These 3 leaders are transforming how Europe approaches climate change and sustainability goals

3 weeks ago

Transforming Business

The individuals featured in Business Insider's 100 People Transforming Business lists are driving change and innovation in their industries.  The list includes activists, entrepreneurs, and leaders shaping the future of sustainable business. See more of Business Insider's 100 People Transforming Business in Europe. Gabriela Hernandes Galindo Global Sustainability Director, Danone

Gabriela Hernandes Galindo is the global sustainability director for Danone, best known for its yogurts — but also a successful beverage business.

The company has said its water bottles in Europe will be made of 100% recycled plastic from 2025 onwards.

Business decisions like these are part of Danone's plan to spend 2 billion euros over the next three years to fight climate change, a significant pledge for a company with a 13 billion euro dairy business. 

"So in 2015 we made a committment as company to become carbon neutral end-to-end by 2050. This is a big, big effort that requires first reducing our emissions through investing in renewable energy. We are investing in regenerative agricultural practices everywhere," Galindo told Business Insider.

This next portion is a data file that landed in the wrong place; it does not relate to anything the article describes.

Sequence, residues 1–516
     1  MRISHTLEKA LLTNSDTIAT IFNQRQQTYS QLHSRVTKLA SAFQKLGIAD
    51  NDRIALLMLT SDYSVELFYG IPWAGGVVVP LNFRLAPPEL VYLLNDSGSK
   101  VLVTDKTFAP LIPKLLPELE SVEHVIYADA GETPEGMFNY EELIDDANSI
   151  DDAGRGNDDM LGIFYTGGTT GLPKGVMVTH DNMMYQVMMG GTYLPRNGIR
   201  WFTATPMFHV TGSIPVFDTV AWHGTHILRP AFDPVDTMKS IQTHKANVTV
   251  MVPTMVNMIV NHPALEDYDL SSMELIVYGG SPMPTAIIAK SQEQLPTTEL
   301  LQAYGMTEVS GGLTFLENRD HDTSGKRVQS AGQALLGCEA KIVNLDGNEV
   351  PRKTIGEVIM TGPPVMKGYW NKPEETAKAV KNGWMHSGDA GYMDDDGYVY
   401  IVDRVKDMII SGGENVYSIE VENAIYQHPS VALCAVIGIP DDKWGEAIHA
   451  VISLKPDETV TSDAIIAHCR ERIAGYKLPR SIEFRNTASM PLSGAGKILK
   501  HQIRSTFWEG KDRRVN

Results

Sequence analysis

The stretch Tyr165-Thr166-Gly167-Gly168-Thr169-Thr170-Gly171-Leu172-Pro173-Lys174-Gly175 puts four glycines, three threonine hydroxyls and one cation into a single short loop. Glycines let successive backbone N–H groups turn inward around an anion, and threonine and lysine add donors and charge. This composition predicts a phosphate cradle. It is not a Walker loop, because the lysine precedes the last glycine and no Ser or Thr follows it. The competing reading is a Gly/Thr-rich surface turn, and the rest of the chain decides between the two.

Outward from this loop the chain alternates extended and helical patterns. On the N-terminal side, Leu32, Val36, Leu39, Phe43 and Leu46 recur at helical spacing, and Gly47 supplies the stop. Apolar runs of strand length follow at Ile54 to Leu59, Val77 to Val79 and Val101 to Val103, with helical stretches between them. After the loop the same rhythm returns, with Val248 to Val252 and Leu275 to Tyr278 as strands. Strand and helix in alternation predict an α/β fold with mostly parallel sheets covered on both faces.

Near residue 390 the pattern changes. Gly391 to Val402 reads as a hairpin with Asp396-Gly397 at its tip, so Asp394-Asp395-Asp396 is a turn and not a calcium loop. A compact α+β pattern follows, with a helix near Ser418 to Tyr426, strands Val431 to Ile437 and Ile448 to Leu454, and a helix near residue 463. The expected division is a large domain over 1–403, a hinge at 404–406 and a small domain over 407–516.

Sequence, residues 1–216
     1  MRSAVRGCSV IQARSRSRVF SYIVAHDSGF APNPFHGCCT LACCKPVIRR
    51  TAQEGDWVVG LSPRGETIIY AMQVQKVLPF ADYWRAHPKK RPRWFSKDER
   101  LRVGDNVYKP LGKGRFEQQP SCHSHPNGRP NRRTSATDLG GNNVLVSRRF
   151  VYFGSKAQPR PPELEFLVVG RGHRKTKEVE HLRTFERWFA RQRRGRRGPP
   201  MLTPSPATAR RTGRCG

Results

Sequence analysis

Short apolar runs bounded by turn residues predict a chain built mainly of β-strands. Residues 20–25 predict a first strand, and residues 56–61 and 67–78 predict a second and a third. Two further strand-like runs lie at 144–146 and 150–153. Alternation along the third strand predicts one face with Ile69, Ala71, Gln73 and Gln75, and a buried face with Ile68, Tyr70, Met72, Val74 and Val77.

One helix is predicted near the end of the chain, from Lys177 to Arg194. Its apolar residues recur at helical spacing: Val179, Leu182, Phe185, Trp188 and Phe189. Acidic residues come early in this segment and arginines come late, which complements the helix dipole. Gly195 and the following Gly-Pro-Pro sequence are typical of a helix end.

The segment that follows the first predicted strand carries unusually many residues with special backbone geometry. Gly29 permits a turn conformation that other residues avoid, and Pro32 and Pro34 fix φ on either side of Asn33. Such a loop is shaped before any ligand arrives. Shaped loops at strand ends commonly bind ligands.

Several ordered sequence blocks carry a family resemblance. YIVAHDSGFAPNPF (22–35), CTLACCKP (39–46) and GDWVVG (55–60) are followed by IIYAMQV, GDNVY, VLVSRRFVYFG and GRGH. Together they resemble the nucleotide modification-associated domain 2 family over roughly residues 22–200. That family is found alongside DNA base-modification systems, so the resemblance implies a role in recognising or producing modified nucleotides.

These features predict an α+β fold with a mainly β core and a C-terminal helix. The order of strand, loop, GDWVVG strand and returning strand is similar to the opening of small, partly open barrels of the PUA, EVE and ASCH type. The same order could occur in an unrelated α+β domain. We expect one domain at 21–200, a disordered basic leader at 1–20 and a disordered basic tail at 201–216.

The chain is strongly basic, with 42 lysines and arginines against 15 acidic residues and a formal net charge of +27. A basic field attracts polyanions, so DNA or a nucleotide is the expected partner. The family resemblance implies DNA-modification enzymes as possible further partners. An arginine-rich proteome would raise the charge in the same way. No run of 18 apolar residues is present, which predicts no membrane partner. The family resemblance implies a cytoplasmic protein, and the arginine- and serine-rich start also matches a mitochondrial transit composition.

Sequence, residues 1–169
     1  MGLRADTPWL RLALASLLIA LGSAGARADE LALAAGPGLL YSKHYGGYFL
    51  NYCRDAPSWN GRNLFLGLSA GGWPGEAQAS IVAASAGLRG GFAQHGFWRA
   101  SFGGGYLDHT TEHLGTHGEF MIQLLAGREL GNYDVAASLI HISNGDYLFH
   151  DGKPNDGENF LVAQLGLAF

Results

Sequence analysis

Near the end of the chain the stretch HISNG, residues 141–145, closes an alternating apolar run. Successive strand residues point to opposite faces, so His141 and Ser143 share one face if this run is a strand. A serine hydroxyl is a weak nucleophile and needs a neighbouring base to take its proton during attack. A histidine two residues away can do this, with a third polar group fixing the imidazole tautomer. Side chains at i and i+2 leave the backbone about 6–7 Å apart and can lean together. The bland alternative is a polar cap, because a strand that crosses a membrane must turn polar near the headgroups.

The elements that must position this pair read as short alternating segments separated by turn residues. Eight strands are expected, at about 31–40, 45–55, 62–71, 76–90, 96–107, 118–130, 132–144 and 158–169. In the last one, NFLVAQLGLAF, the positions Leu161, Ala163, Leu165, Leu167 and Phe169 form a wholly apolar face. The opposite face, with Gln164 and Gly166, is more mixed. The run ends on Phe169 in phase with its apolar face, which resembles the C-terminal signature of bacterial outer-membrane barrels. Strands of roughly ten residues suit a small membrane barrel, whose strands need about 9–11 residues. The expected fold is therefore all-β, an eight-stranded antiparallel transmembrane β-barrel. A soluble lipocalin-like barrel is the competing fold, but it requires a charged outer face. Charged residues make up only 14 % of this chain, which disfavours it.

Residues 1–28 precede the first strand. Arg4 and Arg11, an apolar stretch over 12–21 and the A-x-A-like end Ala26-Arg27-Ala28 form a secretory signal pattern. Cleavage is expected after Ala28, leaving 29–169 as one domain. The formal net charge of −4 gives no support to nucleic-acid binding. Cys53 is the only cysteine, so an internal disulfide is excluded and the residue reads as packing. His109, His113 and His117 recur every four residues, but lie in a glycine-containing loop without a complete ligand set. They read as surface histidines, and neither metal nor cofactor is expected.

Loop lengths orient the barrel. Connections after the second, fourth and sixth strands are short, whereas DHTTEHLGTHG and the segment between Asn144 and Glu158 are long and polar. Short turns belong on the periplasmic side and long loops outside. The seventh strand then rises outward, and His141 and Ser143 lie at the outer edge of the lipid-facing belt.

John Schoolcraft Global Chief Creative Officer, Oatly

In 2012, John Schoolcraft became Oatly's global chief creative officer. At that time Oatly was a small local producer of oat milk in Sweden. Today Oatly is a $2 billion company and can be found on supermarket shevles around the world. part of that success can be attributed to the company's willingness to take risks on advertising campaigns that poke fun at the very idea of sustainability. 

"Oat milk isn't that interesting and if you're going to explain why people should try oat milk, you have to do it in an interesting way," Schoolcraft said. 

And the dairy industry is noticing. Not just in Europe, but around the world.

"Three years ago in the US when we introduced oat milk there wasn't any oat milk. And now there's probably five or six or seven," Schoolcraft said. "Most of them are dairies who refused to make oat milk before because they wanted to sell their dairy products, but now are making oat milk. That's a good thing I think. I think that competition is great."

Francois Austin Partner and Global Head of Energy, Oliver Wyman

Francois Austin has been consulting for clients that most need to change. The oil and gas industry.

As Europe continues to build out carbon-free energy sources, Austin sees his clients aligning values and the bottom line.

"I think that people have historically thought there was almost a trade-off between profitability and sustainability. But as a number of people have said, sustainability is just good business," Austin told Business Insider.  

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